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Spanish Sunday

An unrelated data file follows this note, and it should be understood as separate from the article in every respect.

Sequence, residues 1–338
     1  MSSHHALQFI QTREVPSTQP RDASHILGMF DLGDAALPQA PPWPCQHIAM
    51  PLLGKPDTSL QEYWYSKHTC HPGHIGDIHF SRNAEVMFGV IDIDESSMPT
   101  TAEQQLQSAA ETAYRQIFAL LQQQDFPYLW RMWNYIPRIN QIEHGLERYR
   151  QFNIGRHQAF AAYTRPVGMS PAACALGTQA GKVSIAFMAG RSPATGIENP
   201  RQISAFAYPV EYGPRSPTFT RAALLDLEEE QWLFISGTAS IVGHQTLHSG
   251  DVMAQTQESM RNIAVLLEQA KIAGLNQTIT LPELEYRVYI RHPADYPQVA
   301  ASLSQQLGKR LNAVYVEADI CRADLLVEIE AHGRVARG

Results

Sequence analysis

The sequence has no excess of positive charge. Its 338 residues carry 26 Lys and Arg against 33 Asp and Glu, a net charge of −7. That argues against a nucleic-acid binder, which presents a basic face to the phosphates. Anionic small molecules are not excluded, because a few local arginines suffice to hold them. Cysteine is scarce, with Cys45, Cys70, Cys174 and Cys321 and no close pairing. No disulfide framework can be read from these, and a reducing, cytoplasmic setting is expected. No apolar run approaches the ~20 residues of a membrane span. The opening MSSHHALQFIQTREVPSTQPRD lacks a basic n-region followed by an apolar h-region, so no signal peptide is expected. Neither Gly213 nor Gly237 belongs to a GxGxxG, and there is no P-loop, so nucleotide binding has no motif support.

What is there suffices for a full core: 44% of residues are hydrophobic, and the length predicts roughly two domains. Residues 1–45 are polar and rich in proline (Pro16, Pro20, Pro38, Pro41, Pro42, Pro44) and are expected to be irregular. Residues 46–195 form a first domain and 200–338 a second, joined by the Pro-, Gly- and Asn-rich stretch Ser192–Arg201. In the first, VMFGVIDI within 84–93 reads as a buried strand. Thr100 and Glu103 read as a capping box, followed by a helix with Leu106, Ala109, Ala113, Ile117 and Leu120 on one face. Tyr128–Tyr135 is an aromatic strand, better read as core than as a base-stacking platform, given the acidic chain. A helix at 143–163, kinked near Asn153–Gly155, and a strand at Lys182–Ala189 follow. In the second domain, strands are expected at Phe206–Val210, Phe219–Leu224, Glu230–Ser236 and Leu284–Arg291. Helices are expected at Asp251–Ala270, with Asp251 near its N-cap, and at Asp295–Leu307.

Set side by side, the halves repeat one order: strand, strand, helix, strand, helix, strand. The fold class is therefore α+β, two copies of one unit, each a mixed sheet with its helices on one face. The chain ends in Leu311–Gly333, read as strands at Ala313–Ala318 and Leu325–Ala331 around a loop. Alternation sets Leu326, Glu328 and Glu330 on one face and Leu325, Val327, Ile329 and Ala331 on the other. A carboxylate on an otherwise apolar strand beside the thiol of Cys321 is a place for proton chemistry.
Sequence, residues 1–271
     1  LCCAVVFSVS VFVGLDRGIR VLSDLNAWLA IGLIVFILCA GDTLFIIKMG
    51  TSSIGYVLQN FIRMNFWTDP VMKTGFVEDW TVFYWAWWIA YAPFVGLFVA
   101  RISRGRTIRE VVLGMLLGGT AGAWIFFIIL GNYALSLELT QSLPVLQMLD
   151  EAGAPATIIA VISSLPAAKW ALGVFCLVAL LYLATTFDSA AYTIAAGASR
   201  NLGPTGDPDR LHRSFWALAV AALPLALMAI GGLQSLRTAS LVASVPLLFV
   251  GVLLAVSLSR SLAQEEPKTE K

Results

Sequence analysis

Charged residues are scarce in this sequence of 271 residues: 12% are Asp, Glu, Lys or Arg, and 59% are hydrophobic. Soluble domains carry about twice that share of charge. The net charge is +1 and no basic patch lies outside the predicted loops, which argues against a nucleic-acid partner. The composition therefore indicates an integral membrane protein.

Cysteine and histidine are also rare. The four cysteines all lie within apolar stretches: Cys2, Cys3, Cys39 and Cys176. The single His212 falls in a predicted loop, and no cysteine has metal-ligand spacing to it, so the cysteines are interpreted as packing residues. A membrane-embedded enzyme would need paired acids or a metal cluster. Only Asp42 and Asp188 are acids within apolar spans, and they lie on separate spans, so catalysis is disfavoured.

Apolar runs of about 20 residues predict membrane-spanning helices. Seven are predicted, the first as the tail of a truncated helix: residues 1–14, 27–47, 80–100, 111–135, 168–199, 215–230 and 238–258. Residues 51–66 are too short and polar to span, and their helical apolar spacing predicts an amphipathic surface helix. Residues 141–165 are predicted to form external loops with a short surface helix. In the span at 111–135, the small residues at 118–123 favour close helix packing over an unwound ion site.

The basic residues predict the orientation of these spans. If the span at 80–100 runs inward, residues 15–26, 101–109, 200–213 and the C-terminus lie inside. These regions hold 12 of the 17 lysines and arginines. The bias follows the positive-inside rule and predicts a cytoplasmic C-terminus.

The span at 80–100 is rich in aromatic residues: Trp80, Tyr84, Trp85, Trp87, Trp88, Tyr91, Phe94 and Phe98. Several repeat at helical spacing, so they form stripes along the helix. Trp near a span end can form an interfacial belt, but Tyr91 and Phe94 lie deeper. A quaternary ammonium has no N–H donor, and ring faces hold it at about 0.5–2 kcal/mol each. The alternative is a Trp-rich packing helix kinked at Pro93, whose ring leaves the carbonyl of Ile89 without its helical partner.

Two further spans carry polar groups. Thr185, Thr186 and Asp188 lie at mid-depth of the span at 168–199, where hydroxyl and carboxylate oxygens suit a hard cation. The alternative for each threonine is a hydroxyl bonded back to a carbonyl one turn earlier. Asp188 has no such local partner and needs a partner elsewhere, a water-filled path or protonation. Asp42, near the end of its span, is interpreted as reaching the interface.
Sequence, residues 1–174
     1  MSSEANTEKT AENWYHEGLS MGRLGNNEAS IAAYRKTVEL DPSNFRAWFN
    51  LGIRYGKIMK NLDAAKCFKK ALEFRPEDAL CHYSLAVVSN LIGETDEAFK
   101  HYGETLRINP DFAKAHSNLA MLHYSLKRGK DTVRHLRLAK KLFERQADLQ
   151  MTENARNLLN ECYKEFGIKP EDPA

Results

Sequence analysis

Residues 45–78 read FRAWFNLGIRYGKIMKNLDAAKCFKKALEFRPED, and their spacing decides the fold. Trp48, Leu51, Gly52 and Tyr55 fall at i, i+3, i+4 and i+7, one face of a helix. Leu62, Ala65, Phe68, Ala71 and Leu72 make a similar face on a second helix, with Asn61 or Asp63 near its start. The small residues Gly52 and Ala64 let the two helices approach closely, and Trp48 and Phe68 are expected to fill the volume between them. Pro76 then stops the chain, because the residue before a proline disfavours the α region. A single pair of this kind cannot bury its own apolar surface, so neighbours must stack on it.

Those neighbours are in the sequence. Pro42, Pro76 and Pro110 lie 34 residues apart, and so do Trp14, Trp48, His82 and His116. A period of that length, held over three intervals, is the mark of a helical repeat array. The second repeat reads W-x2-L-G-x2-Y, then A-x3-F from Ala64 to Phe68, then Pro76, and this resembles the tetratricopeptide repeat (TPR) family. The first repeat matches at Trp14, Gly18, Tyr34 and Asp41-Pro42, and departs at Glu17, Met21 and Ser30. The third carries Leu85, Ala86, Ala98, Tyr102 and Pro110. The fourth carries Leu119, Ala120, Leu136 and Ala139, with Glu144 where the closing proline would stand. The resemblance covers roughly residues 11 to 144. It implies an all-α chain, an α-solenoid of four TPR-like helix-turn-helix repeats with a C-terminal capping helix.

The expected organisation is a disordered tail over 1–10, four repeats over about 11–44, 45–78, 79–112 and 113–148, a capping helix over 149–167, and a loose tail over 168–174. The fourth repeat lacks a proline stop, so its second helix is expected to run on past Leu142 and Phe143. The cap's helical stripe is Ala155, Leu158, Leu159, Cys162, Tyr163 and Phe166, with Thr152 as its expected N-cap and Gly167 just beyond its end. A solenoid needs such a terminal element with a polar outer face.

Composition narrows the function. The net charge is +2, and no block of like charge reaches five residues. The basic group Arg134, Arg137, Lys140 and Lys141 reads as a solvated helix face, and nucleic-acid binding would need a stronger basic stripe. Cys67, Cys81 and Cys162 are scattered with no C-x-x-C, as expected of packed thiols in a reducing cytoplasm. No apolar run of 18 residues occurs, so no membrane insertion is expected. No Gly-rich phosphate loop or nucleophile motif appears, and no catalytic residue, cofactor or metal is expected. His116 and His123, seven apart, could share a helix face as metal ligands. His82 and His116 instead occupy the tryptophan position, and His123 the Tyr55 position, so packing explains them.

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A local name for Palm Sunday, after a special drink made on the day by children in the Midlands and parts of Yorkshire until about the 1920s. They took broken pieces of Spanish liquorice, lemon, or peppermint, mixed it with brown sugar and water from a local well (after solemnly walking round it) and shook it vigorously (Hole, 1975: 36–7). Similar customs, with different names, existed elsewhere. ‘Sugar Cupping’, near Tideswell in Derbyshire, involved mixing sugar and water from a spring at Dropping Tar (reported in 1831). Elsewhere in Derbyshire, ‘rinsing’ meant mixing well water with broken sweetmeats on Easter Sunday and Monday. At Castleton and Bradwell, Easter Monday was called ‘Shakking Monday’. Children filled bottles with well water and pieces of special coloured peppermint (reported 1907) (Wright and Lones, 1936: i. 100–1, 112).


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